Summary: What does God’s word tell us about dealing with our anger. Let’s look at this together that we may live peaceably together.
Jim Taylor in Currents tells the following story about his friend, Ralph Milton: One morning Ralph woke up at five o’clock to a noise that sounded like someone repairing boilers on his roof. Still in his pajamas, he went into the back yard to investigate. He found a woodpecker on the TV antenna, "pounding its little brains out on the metal pole." Angry at the little creature who ruined his sleep, Ralph picked up a rock and threw it. The rock sailed over the house, and he heard a distant crash as it hit the car. In utter disgust, Ralph took a vicious kick at a clod of dirt, only to remember -- too late -- that he was still in his bare feet. Uncontrolled anger, as Ralph learned, can sometimes be its own reward.
Jim Taylor, Currents.
What Should we know of Anger?
Anger: the growth of anger is dangerous. Unresolved anger festers and can become uncontrollable and give birth to murder.
There are three steps in the growth of anger given here.
1.The anger that broods, that is selfish. It harbors malice; it will not forget; it lingers; it broods; it wills and sometimes seeks revenge.
2.The anger that holds contempt (hraka.) It despises; it ridicules; it arrogantly exalts self and calls another person empty and useless. This is an anger that is full of malice. It despises and scorns. It arises from pride—a proud wrath (Proverbs 21:24). Such feelings or anger walk over and trample a person. It says that whatever ill comes upon a person is deserved.
3.The anger that curses. It seeks to destroy a man and his reputation morally, intellectually, and spiritually.
There can be a justified anger.
We are admonished to be angry with those who sin and do wrong, and are unjust and selfish in their behavior. However, a justified anger is disciplined and controlled; it is always limited to those who do wrong against God or against others. The difference between justified and unjustified anger is that justified anger is never selfish; it is never shown because of what has happened to oneself. It is purposeful and the believer knows they are angry for a legitimate reason, and they seek to correct the situation in the most peaceful way possible (Ephes. 4:26-27; Romans 12:18; John 2:14-17).
“Be ye angry, and sin not: let not the sun go down upon your wrath” (Ephes. 4:26).
“If it be possible, as much as lieth in you, live peacably with all men” (Romans 12:18).
“And the Jews’ passover was at hand, and Jesus went up to Jerusalem, and found in the temple those that sold oxen and sheep and doves, and the changers of money sitting: and when he had made a scourge of small cords, he drove them all out of the temple, and the sheep, and the oxen; and poured out the changer’s money, and overthrew the tables” (John 2:13-16).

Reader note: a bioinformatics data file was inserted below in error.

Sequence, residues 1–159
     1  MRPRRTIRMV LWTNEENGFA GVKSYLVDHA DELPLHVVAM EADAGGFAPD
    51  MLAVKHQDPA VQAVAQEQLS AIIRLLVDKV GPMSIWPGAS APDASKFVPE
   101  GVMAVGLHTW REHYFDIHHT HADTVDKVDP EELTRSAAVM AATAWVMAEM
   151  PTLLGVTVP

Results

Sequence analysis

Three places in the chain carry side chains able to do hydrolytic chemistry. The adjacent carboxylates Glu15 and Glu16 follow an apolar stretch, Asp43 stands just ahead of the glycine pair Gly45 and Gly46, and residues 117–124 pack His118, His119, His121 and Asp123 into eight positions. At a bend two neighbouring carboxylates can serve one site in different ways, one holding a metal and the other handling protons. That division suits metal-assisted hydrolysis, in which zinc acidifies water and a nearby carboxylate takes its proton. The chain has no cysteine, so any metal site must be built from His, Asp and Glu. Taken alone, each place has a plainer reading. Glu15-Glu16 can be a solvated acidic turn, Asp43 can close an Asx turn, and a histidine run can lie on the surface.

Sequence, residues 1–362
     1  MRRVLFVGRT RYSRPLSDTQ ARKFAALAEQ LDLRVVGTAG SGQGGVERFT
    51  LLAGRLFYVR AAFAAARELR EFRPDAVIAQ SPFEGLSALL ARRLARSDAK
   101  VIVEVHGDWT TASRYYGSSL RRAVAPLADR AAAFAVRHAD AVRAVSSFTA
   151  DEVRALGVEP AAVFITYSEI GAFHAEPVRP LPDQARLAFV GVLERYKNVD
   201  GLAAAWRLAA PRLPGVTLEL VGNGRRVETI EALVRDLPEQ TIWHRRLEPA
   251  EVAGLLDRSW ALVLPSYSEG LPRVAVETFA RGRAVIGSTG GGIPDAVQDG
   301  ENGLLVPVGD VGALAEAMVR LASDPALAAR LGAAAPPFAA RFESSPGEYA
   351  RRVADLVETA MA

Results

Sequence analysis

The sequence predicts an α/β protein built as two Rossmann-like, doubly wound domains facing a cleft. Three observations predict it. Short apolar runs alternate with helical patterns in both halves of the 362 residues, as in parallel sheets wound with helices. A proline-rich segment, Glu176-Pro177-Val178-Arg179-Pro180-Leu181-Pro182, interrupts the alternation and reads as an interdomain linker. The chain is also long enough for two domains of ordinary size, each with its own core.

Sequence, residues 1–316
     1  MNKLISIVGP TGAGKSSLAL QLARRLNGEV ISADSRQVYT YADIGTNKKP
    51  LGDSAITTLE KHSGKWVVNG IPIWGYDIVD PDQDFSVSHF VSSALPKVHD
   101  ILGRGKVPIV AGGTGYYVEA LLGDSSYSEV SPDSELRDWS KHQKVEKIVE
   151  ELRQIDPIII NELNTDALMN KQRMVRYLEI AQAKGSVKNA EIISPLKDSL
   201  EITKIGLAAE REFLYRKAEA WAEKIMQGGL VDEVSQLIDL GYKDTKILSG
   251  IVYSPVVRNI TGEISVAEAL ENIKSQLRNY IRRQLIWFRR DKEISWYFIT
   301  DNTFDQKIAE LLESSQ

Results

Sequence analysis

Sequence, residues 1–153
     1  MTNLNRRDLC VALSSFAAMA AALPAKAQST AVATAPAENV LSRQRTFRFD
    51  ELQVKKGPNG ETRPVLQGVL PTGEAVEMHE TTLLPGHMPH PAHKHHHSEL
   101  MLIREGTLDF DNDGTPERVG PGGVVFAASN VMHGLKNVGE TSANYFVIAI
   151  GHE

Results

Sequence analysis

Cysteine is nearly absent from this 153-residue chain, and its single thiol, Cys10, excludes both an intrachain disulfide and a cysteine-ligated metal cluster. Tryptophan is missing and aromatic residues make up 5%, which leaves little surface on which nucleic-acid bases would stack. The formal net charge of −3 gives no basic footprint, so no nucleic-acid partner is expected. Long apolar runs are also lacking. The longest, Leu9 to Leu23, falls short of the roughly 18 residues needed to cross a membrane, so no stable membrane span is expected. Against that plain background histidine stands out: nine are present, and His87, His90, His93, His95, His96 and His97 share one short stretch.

Anger is cast against many. Too often hurt feelings exist between those who are supposed to be the closest: husband and wife, parent and child, neighbor and friend, employer and employee. The Lord is clear about the matter: we must never allow anger to take hold of us without just cause.
“But now ye also put off all these; anger, wrath, malice, blasphemy, filthy communication out of your mouth” (Col. 3:8).
“Wherefore, my beloved brethren, let every man be swift to hear, slow to speak, slow to wrath” (James 1:19).
“Whosoever hateth his brother is a murderer: and ye know that no murderer hath eternal life abiding in him” (1 John 3:15).
“Cease from anger, and forsake wrath: fret not thyself in any wise to do evil” (Psalm 37:8).
“He that is soon angry dealeth foolishly; and a man of wicked devices is hated” (Proverbs 14:17).
“He that is slow to anger is better than the mighty; and he that ruleth his spirit than he that taketh a city” (Proverbs 16:32).
“The discretion of a man deferreth his anger; and it is his glory to pass over a transgression” (Proverbs 19:11).
“Be not hasty in thy spirit to be angry: for anger resteth in the bosom of fools” (Eccles. 7:9).
There are reasons why people get angry and develop feelings against others:
To seek revenge and to hurt.
To show ego or authority.
To reveal passion or secure some end.
To show hurt, resentment, and bitterness.
To express disagreement and displeasure.
To correct a wrong (a justified anger).
To give warning.
Anger: the judgment of anger. It is a serious matter to hold feelings against another person—a very serious matter.
(1) the danger of judgment
(2) the danger of having to come before earthy courts, and
(3) the danger of hell fire.
Violence is to be judged—not only before the courts of the world, but before the court of God.